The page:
In other words, if you wish to conduct cross-border arbitration in China, these three arbitration institutions are likely to be on your recommendation list, and therefore you are likely to meet B.F.I.P.C.. 

Not long ago, B.F.I.P.C. and China Arbitration Institute (CAI) of China University of Political Science and Law jointly released the Big Data Research Report on Judicial Review of Arbitration Cases of Beijing Fourth Intermediate People’s Court (北京市第四中级人民法院仲裁司法审查案件大数据研究报告) in December 2019. Our earlier post discussed how B.F.I.P.C. review cases related to China’s top arbitration institutions.

3. B.F.I.P.C. has jurisdiction over most cases of recognition and enforcement of foreign judgments and arbitral awards with China’s largest enterprises as judgment debtors.

The headquarters of China’s largest enterprises are mostly located in Beijing. As Fortune’s Global 500 shows, Chinese companies account for 129, 56 of which are headquartered in Beijing. Besides, of the 97 state-owned enterprises controlled by the central government, only 21 of them have headquarters outside Beijing.

Therefore, if you take these enterprises as judgment debtors, you are likely to apply to the court in Beijing for recognition and enforcement of foreign judgments and arbitral awards. At this point, these cases are all under the jurisdiction of B.F.I.P.C..

4. B.F.I.P.C. has jurisdiction over most of the financial disputes with a huge amount in controversy. 

China’s financial regulators are all based in Beijing, so are China’s largest banks and their headquarters. By the end of 2018, the total value of Beijing’s financial industry was about 140 trillion CNY, accounting for 45% of that of China’s financial industry.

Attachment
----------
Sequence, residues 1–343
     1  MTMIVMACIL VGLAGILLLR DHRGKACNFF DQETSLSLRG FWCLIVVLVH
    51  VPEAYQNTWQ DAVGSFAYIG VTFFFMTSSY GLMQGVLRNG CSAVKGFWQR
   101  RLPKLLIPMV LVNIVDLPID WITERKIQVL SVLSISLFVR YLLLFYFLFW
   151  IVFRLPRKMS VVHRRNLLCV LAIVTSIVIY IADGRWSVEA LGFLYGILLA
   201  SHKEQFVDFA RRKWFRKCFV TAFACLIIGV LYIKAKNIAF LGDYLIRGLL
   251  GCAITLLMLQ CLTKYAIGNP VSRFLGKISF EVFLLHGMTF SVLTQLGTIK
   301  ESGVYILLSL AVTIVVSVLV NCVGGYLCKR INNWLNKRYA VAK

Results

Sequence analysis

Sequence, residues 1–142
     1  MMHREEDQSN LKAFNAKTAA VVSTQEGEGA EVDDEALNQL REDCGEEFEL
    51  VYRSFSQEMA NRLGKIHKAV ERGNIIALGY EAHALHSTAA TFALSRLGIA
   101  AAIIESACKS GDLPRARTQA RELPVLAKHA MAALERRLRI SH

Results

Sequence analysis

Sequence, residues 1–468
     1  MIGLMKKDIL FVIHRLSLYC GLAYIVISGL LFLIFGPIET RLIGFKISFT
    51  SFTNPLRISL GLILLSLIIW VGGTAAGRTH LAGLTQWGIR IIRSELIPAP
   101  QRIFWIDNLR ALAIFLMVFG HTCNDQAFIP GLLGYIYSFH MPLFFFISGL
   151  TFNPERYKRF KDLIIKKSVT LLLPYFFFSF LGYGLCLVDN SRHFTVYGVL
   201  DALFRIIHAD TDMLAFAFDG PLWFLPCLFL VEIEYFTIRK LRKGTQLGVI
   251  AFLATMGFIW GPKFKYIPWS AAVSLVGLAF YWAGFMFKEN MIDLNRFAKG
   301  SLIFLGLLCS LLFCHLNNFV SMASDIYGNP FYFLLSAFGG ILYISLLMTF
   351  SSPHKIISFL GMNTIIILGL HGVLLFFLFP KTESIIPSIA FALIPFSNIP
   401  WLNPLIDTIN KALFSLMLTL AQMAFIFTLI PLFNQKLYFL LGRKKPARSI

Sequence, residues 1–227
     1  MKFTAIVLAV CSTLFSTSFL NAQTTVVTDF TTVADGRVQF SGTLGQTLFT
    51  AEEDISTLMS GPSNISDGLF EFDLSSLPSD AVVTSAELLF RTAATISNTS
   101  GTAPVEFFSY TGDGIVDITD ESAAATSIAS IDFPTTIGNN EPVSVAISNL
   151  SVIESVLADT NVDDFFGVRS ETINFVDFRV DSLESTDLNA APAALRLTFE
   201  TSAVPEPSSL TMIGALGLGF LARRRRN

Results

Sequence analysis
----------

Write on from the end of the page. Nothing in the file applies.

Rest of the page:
Loan disputes and insurance disputes related to these financial assets are all under the jurisdiction of B.F.I.P.C..

B.F.I.P.C. has obtained jurisdiction over these cases since Feb. 2018. Before that, B.F.I.P.C. was named "Beijing Railway Transportation Court"(北京铁路运输法院), and only had jurisdiction over railway transportation disputes. B.F.I.P.C. was restructured in 2018, and has greatly improved its ability to hear foreign-related commercial cases.

In the future, with B.F.I.P.C. accepting more and more cases, we expect that it will frequently appear in the media, just like S.D.N.Y. in the United States.

 

Cover Photo by Rita Chou on(https://unsplash.com/@rainrainbowchou) Unsplash

 

Contributors: Guodong Du 杜国栋

Save as PDF

You might also like

Evolution of China's Judge System

China's current judge system began to take shape after the end of the Cultural Revolution (1978), and the judicial reform initiated in 2014 has accelerated its evolution.

Chinese Court Backs Protection for LGBTQ Workers

It is illegal to fire someone for being transgender, says a Beijing court. Being one of the few reported LGBTQ cases in China, this is the first court decision to our knowledge in which the legitimate rights of transgender workers are protected.